Next to air, water is the most important and essential, widely distributed liquid on earth. About 70% of the earth’s surface is covered by water.
Water has the ability to dissolve a large number of substances, e.g. sugar, salts etc. Water also dissolves a large number of gases including ammonia, hydrogen chloride etc. Hence, water dissolves almost every common substance and is therefore called a ‘universal solvent’.
Some terms related to solution of substances in water-
Solute- It is the substance that is dissolved in water. For e.g. sodium chloride, sugar, copper sulphate. The substance which dissolves or disappears in the solvent- i.e. liquid, to form a solution is called a solute.
Solvent- The substance which dissolves the solute e.g. water. The liquid or medium of dissolution which allows the solute to dissolve in it so as to form a solution is called a solvent.
Solution- This is the mixture of the solute and solvent. A homogeneous mixture of a solute in a solvent is called a solution.
Conditions which affect the formation of a solution-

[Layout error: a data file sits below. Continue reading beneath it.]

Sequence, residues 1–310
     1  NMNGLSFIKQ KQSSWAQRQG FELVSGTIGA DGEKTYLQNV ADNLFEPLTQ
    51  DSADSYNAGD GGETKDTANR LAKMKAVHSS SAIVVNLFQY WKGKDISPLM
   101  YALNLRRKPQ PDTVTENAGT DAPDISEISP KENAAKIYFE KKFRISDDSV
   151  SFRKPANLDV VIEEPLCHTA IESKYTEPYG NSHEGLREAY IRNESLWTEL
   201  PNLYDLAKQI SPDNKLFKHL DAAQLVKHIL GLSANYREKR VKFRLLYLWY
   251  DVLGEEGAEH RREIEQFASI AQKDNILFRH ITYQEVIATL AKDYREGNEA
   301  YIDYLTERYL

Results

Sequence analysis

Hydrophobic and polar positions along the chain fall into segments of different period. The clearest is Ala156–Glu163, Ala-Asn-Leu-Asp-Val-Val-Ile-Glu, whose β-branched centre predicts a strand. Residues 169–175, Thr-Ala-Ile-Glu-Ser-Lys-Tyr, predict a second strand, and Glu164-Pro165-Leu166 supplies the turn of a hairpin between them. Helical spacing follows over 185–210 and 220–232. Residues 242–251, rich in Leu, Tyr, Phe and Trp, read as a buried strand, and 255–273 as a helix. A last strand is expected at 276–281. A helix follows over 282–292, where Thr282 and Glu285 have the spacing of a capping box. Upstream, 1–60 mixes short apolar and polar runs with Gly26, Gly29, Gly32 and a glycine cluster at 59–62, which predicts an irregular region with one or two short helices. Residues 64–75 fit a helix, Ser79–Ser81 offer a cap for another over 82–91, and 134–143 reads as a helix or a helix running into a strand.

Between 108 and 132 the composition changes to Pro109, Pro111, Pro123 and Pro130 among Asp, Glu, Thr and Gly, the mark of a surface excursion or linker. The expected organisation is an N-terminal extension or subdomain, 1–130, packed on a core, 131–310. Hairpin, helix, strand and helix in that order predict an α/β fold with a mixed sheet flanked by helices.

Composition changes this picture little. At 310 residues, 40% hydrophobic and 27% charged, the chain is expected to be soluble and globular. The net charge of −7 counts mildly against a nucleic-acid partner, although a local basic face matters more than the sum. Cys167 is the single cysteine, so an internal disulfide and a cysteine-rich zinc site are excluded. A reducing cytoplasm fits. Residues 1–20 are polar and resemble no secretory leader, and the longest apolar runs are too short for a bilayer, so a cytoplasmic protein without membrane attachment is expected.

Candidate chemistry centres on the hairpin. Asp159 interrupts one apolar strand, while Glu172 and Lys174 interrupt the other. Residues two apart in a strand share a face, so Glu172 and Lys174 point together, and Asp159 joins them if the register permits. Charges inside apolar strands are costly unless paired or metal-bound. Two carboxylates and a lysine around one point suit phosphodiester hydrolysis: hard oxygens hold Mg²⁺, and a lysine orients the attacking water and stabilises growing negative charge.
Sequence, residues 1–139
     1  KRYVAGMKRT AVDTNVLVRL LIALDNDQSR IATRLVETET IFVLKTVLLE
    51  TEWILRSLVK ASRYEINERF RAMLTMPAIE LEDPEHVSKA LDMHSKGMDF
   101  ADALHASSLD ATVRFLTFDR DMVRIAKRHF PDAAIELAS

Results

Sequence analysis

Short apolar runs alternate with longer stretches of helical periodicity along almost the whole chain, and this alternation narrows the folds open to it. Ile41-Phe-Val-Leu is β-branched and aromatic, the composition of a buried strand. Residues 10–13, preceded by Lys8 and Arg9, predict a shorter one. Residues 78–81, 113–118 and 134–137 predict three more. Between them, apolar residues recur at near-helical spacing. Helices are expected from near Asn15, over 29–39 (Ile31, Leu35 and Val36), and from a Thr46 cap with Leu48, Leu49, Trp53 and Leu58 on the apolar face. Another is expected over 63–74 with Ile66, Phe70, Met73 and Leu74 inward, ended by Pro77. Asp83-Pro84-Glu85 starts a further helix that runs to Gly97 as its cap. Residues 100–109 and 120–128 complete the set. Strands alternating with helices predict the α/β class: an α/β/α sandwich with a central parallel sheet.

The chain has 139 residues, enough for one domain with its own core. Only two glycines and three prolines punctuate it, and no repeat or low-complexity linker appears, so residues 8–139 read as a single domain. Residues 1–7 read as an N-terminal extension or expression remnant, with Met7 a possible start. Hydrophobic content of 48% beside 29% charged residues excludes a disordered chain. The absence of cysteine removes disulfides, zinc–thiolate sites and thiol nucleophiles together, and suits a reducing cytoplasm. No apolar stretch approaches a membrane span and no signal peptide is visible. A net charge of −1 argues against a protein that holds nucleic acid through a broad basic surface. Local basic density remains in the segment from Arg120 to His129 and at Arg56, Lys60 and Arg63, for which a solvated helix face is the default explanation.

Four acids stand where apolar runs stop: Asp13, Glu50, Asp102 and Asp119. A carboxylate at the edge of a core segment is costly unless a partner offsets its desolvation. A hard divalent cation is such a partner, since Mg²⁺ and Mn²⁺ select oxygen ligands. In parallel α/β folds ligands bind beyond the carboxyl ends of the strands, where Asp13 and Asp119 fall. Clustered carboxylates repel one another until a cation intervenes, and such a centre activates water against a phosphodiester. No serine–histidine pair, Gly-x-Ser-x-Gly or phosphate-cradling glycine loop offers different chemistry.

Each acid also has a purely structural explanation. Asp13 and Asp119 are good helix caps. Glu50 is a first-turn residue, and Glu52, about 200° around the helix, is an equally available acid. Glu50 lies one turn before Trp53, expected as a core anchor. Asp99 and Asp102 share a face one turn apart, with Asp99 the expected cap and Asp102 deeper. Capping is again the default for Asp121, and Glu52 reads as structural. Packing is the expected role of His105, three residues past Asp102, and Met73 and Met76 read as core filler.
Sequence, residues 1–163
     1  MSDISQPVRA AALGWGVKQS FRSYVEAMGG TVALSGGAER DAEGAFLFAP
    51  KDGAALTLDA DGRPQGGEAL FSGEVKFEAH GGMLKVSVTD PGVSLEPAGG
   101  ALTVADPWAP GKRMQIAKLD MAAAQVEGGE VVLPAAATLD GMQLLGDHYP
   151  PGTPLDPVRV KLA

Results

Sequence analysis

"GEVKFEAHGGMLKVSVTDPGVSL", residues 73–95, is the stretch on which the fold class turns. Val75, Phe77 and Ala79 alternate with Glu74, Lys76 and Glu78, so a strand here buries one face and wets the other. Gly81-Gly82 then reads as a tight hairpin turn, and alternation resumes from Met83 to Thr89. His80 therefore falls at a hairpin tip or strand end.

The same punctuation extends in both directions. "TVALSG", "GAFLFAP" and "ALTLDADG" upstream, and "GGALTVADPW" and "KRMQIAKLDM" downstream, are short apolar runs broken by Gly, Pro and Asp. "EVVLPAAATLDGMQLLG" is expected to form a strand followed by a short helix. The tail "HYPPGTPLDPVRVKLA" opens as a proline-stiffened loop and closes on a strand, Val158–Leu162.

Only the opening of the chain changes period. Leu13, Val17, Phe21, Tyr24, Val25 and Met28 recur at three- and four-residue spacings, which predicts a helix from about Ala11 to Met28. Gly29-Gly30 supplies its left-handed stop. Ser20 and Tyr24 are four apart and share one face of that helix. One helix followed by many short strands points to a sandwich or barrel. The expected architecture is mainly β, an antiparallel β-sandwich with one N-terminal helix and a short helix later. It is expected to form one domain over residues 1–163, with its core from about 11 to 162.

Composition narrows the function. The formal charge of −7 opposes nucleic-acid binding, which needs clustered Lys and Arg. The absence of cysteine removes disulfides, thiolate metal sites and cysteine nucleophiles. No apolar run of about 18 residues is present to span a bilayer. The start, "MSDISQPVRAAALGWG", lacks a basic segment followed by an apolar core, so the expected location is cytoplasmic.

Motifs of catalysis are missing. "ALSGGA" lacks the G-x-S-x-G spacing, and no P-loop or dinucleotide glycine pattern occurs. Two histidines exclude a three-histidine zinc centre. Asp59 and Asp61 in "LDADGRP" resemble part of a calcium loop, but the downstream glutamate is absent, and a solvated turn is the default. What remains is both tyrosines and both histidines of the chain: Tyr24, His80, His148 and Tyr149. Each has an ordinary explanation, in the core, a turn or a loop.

- Solubility- of the solute in the solvent-
The solute must be soluble in the solvent for formation of a solution. For e.g. common salt dissolves in water, forming a salt solution; however, sand does not dissolve in water. Hence, no solution is formed.
- Proportion of the solute and the solvent-
The solute must be in a small amount compared to the solvent, whereas the solvent must be in a much greater amount to dissolve the solute.
- Particle size of the solute-
For quicker and complete dissolution of the solute in the solvent, the solute must be finely powdered and not be present as large crystals.
- Temperature of the solvent-
Sometimes, the solute may not be completely soluble in the solvent at normal temperatures, but upon raising the temperature of the solvent, the solute dissolves to form a solution.
Solubility of a Solute-
The maximum amount of solute in grams, which will saturate 100 gm of water at t degree C is known as the solubility of that solute in water at t degree C.
Solubility of Liquids in Water-
When liquids are able to dissolve in water, they are said to be miscible in water, and the resultant mixture is called as a miscible mixture. For e.g. alcohol and water, glycerine and water
When liquids do not dissolve in water, they are said to be immiscible in water, and the resultant mixture is called as an immiscible mixture. For e.g. oil and water, kerosene and water
Solubility of Gases in Water-
Water at normal temperatures contains dissolved gases such as oxygen. On heating, the temperature of the water increases. Inversely, the solubility of the dissolved gases decreases and they escape into the atmosphere.
Water at atmospheric pressure contains dissolved gases like oxygen. When subjected to pressure, the solubility in water of gases such as carbon dioxide increases. Under pressure, carbon dioxide dissolves in water to form a fizzy solution, commonly known as soda.